by Tom Ozimek
The U.S. Supreme Court on Feb. 8 rejected an attempt by the Biden administration to avoid a lawsuit stemming from false debt reporting, with the landmark ruling opening the door for consumers to sue federal agencies.
In a 9–0 decision on Feb. 8, the Supreme Court ruled that the federal government is not immune from lawsuits brought under the Fair Credit Reporting Act (FCRA), a law that lets consumers sue creditors for failing to fix false credit information that the consumer has requested be corrected.
The ruling stems from a lawsuit brought under the FCRA by Reginald Kirtz, a Pennsylvania man whose credit score was damaged when the Department of Agriculture’s (USDA’s) Rural Housing Service wrongly stated on his credit report that some of his loans were overdue.
The government claimed that it was immune from Mr. Kirtz’s lawsuit and moved to dismiss the case, with several rounds of adjudication in lower courts leading to a request for Supreme Court review.
The high court agreed in June 2023 to review an appeals court ruling that allowed Mr. Kirtz to sue the USDA for false debt reporting.
At issue in the case was whether Congress waived U.S. sovereign immunity from lawsuits when it modified consumer protection laws nearly 30 years ago.
The question that was presented before the high court was whether the civil-liability provisions of the FCRA “unequivocally and unambiguously waive the sovereign immunity of the United States.”
“We think the Third Circuit reached the right decision in this case: The FCRA effects a clear waiver of sovereign immunity,” Justice Neil Gorsuch, a Trump appointee, wrote in the Feb. 8 opinion.
Public Citizen Litigation Group attorney Nandan Joshi, who argued the case before the Supreme Court, praised the decision.
“Today’s decision confirms that federal agencies cannot escape accountability when they fail to comply with their responsibilities to consumers under the FCRA,” he said in a Feb. 8 statement.
“As the court explained, FCRA’s text means what it says: The FCRA allows consumers to sue any ‘person’ that violates the statute and defines ‘person’ to include any government agency.”
The USDA did not respond by press time to a request by The Epoch Times for comment on the ruling.
Congress amended the FCRA decades ago to impose new requirements on lenders.
The additions require that if a consumer challenges the accuracy of his or her credit reports, the “person” who carried out the report must look into the matter and, if appropriate, correct inaccurate information.
Mr. Kirtz accused the USDA of violating the FCRA when the agency reported his loans as delinquent even though he had paid them off.
After he sued the USDA in 2020, the agency moved to dismiss the case, arguing that the FCRA did not clearly indicate that Congress meant to waive the federal government’s immunity from lawsuits.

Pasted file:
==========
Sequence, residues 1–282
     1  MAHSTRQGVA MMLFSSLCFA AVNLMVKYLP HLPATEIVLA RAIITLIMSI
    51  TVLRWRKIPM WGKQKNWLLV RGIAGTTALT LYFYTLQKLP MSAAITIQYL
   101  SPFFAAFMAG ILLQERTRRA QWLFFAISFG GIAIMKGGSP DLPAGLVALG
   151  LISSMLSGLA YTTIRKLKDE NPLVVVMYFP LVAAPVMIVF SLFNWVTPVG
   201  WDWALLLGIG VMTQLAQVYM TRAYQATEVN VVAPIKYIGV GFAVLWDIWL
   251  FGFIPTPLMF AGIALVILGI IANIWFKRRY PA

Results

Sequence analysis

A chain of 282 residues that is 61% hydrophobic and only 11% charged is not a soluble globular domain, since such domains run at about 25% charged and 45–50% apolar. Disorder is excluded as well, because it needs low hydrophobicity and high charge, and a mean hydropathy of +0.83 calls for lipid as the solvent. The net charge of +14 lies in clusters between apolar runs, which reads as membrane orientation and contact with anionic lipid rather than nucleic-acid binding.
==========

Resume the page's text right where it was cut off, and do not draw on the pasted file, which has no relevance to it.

The district court sided with the USDA, but that decision was later reversed on appeal.
Mr. Kirtz’s team argued that the USDA incorrectly suggested that Congress must enact an explicit statutory waiver of sovereign immunity for a waiver to be effective.
In siding with Mr. Kirtz, the Third Circuit Court of Appeals pointed to the definition of “person” in the FCRA, which includes “any ‘government or governmental subdivision or agency.’”
The appeals court also said allowing lawsuits against federal agencies would be in line with Congress’s aim of ensuring “fair and accurate credit reporting” because the federal government is the largest employer and creditor in the United States.
The USDA disagreed and asked the Supreme Court to review the case.
In the Crosshairs of SCOTUS
The USDA argued that the Supreme Court should weigh in because if the appeals court’s ruling in favor of Mr. Kirtz is allowed to stand, it would allow the government to “routinely be threatened with substantial monetary liability for its everyday employment and lending activities.”
The agency argued in its petition that waivers of federal sovereign immunity must be “unequivocally and unambiguously expressed” but that the FCRA does not contain the kind of unambiguous and unequivocal waiver of sovereign immunity that is required by law.
The USDA stated that the question presented before the Supreme Court concerns a “matter of great importance” because even if the government were to prevail in lawsuits, “an ultimate victory on the merits would not vindicate the interests protected by sovereign immunity.”
Sovereign immunity, the USDA argued, is an immunity from lawsuits, not just being immune to liability.
“The foundational principle of sovereign immunity also is an important issue in its own right, irrespective of dollars and cents,” Solicitor General Elizabeth Prelogar wrote in the petition.
“Immunity from suit protects ’the nation from unanticipated intervention in the processes of government,’” Ms. Prelogar said.
She argued that Congress is the body charged by the U.S. Constitution with “striking the balance” between creating federal rights and duties and establishing private remedies to vindicate and enforce them.
“Judicial decisions allowing ‘private suits for money damages’ against the sovereign absent its consent would upset that balance and ’place unwarranted strain on the [government’s] ability to govern in accordance with the will of [its] citizens,’” Ms. Prelogar said, asking the Supreme Court to reverse the appeals court’s decision.
During oral arguments in November 2023, USDA attorneys faced pointed questions from Supreme Court justices.
Justice Clarence Thomas said that “the statute defines a person as [including] any government or governmental subdivision or agency,” which he said seemed to at least “suggest that it applies to the U.S. government.”
“Isn’t that sufficient to waive sovereign immunity?” he asked.